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I don't like it.
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Sometimes the lower-wattage guns (or pencils) take a long time to get up to full heat.

I don't ever seem to have much of a problem getting the solder off pots... but i always have problems trying to get it to stick to them in the first place. :mad:
Hit them with 80 grit sandpaper or run them on a belt sander before you solder, you'll have no issue. It's also a great way to get solder off a used pot and start over.

edit: Damn you Stitch!
 

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Dream Crusher
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Those high-wattage guns are the key. My dad has a 100W gun and it works like a charm.
 

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It's not lupus.
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How cheap is your iron? I've got a very nice 25w iron, spent a pretty penny on it versus even a 40w iron at Radio Shack, and it cuts right through the back of pots, has absolutely 0 issue with them. It doesn't take 100w to do it, it just takes a better iron. The iron I have, the tip has a hollow center, and the iron has some type of ceramic core which means that the tip doesn't lose it's heat. The cheaper irons have solid tips, so they'll lose their heat as soon as you touch the back of the pot, which is why my iron works so well with less wattage.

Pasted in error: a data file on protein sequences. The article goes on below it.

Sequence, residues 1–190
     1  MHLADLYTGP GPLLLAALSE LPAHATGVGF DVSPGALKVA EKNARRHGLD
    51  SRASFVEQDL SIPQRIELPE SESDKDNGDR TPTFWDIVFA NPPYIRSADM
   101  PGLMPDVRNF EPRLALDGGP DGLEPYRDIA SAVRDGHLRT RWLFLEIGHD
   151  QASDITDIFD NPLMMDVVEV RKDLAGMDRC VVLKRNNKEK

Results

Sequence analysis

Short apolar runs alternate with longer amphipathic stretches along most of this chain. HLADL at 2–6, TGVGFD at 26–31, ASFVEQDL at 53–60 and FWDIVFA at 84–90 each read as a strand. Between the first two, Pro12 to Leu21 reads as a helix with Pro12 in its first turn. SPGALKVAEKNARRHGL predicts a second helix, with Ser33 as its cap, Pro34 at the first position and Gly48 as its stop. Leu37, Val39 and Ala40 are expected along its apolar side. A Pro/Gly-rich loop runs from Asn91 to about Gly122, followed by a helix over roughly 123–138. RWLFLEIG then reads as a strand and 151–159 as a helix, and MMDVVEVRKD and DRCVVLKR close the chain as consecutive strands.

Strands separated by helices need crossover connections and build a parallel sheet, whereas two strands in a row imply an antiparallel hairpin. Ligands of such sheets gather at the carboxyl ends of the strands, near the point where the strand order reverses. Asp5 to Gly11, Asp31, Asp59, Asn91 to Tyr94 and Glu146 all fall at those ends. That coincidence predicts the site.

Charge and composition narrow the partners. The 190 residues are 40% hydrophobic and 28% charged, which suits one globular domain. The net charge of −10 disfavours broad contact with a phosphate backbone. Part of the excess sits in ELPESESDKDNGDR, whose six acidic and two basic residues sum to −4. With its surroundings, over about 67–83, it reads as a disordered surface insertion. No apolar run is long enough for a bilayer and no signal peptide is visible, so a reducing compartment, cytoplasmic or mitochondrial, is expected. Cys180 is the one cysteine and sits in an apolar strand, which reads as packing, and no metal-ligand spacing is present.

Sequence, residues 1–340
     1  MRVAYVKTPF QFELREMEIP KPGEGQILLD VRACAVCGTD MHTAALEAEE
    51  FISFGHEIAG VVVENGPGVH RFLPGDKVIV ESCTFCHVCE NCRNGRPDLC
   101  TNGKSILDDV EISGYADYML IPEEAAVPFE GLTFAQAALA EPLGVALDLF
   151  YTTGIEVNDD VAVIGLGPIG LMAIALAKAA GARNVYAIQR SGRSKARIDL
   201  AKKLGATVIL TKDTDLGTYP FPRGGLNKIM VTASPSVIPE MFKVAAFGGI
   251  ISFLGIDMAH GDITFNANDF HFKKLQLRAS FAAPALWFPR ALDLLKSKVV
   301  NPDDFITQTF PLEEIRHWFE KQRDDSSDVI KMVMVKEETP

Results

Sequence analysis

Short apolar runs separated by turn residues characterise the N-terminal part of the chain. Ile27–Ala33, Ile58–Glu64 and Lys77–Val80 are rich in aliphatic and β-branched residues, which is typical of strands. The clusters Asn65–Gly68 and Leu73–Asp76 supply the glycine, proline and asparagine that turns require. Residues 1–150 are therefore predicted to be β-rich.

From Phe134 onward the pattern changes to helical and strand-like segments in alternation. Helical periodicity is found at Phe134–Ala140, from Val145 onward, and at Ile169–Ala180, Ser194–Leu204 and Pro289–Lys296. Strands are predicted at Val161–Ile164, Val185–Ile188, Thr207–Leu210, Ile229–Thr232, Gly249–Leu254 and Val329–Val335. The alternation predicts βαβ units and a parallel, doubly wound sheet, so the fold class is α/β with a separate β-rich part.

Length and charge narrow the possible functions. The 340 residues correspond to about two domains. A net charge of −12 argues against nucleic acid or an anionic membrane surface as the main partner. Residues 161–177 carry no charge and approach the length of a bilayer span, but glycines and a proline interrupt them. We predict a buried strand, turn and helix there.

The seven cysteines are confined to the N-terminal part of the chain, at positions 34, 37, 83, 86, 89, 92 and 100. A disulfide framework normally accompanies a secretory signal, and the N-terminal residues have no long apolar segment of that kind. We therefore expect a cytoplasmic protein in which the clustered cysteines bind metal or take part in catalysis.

This was one of the biggest differences I noticed between working using my dad's soldering iron and mine. It was a 35w iron and the solder was melting pretty much instantly, where as mine was taking closer to 10 seconds for each joint.
 

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Discussion Starter · #10 ·
How cheap is your iron? I've got a very nice 25w iron, spent a pretty penny on it versus even a 40w iron at Radio Shack, and it cuts right through the back of pots, has absolutely 0 issue with them. It doesn't take 100w to do it, it just takes a better iron. The iron I have, the tip has a hollow center, and the iron has some type of ceramic core which means that the tip doesn't lose it's heat. The cheaper irons have solid tips, so they'll lose their heat as soon as you touch the back of the pot, which is why my iron works so well with less wattage.
Last night was w/Drew's 40W Weller.
 

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Hates Richie Kotzen
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Last night was w/Drew's 40W Weller.